Does the supervising physician need to be on-site in a medical spa?

The exact details and requirements of physician supervision can be very different between states, and often differ depending on treatment and the license of the individual performing the treatment. Different states have different rules on what treatments physicians may delegate to what person, if they need to be on-site, how close they need to be and how many practices physicians may supervise.

Experience and training for a supervising physician

One aspect of supervision that's often overlooked in the medical spa world is that supervising physicians cannot just rent their license out to medical practices where they aren't familiar with the treatments. Supervising physicians should have some level of training and expertise in each medical treatment that's being offered in the medical spa practice, whether or not they are the ones who will be providing the service.

Independent PAs and NPs

The regulations governing independent practice for physician assistants and advanced practice registered nurses are very specific to each state. Even among states that allow for independent practice, the specific training requirements and level of independence can be very different. Be sure to understand how your state handles independent practice before making a final decision on whether you need to work with a supervising physician.

How to open a med spa

Get more information on how to open a successful medical spa practice.

Learn the basics of running a profitable medical spa: How to Open a Med Spa: Business >>

Get live, in-person training on the laws and business strategies to open a med spa: Medical Spa Boot Camps >>

4. Who can do medical spa treatments

The question of who can do what treatment in a medical spa is perhaps the one compliance piece that varies more than all of the others. This makes it difficult to provide a broad overview since the rules on who can inject, who can operate energy devices or who can administer other medical spa treatments are so different state to state.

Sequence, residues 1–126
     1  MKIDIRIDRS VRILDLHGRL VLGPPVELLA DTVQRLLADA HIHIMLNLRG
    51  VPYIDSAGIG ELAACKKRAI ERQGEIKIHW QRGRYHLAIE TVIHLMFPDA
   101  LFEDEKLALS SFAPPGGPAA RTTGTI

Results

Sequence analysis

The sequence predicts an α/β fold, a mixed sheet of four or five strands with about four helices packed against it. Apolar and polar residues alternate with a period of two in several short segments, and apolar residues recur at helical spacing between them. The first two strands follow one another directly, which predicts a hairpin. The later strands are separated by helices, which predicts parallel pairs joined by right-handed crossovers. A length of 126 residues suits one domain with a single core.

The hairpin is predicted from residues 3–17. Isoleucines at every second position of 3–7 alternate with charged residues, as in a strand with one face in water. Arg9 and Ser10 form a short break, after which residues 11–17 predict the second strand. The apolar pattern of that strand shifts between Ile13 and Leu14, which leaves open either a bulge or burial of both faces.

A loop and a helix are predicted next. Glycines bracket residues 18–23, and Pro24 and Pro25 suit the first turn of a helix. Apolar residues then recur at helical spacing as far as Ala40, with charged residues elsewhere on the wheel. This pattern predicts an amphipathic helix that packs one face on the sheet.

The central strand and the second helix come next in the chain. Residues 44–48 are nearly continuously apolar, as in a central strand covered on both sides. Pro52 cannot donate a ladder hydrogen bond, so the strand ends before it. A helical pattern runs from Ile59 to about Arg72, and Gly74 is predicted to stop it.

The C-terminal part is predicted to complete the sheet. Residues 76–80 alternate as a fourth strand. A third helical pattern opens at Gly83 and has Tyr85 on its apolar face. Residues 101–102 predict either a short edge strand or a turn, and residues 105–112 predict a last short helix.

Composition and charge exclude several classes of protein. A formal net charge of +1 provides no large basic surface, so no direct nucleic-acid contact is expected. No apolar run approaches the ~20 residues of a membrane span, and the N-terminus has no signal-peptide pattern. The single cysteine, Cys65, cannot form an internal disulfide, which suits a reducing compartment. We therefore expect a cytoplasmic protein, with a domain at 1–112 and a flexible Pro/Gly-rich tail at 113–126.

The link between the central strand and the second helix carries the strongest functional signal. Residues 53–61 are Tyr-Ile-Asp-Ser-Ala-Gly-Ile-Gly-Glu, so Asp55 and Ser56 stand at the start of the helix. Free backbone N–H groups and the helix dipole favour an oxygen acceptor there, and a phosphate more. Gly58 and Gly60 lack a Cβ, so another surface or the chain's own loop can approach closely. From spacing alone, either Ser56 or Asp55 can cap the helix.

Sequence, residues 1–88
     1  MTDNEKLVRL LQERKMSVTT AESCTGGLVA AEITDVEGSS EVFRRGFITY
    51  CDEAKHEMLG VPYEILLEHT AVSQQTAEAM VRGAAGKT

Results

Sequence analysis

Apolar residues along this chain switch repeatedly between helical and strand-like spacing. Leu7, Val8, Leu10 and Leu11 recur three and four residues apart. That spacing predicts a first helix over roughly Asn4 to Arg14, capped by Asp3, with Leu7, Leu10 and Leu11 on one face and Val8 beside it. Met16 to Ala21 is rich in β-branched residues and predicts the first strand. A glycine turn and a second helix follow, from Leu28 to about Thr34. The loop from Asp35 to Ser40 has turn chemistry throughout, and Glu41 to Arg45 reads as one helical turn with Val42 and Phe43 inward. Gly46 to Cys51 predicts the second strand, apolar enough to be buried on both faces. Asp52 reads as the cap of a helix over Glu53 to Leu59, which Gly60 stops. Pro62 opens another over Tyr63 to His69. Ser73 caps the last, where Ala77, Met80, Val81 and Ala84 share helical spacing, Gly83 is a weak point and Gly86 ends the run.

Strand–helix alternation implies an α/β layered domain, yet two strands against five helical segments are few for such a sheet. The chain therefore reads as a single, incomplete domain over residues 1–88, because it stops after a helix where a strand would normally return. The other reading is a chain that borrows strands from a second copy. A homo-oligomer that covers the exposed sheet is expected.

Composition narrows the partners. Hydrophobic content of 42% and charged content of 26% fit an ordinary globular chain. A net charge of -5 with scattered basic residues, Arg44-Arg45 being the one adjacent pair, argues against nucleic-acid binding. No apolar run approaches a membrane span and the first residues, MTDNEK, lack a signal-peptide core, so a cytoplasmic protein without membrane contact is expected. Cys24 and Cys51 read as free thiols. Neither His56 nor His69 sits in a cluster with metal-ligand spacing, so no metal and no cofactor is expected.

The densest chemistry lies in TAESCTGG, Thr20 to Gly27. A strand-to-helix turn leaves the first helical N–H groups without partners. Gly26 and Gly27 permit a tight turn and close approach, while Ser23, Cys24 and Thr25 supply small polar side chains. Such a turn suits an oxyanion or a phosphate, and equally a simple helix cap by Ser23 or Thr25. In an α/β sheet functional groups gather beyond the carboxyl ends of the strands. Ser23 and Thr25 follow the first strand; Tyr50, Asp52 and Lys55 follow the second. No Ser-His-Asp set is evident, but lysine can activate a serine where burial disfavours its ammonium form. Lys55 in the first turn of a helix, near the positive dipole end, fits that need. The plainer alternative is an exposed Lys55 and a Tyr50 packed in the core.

Although these procedures are generally considered medical in most states, it's important to be aware that exemptions may exist in other states. This variation in regulations regarding who can perform specific treatments adds an extra layer of complexity to the compliance aspect of medical spas. Therefore, it is essential to stay informed about the guidelines specific to each location in order to ensure safe and legal practices.

By maintaining high standards and adhering to the appropriate regulations, medical spas can continue to provide exceptional care and achieve optimal results for their patients.

The authority to administer medical aesthetic treatments follows a basic hierarchy:

  1. Physician;
  2. Nurse practitioner (NP) and physician assistant (PA);
  3. Registered nurse (RN);
  4. Licensed practical nurse (LPN)/licensed vocational nurse (LVN); and
  5. Aesthetician, cosmetologist and unlicensed personnel.

Physicians in a medical spa

Physicians have the broadest authority and generally fill the role of owner or medical director of a medical spa practice. They may generally do all of the treatments on offer, but as mentioned above they should be trained in each of the procedures offered in the practice. Physicians working in a medical spa or serving as a medical director should understand their responsibility to each patient that comes in the door, and the standard of care for the treatments the practice is providing.

Physician assistants and nurse practitioners in a medical spa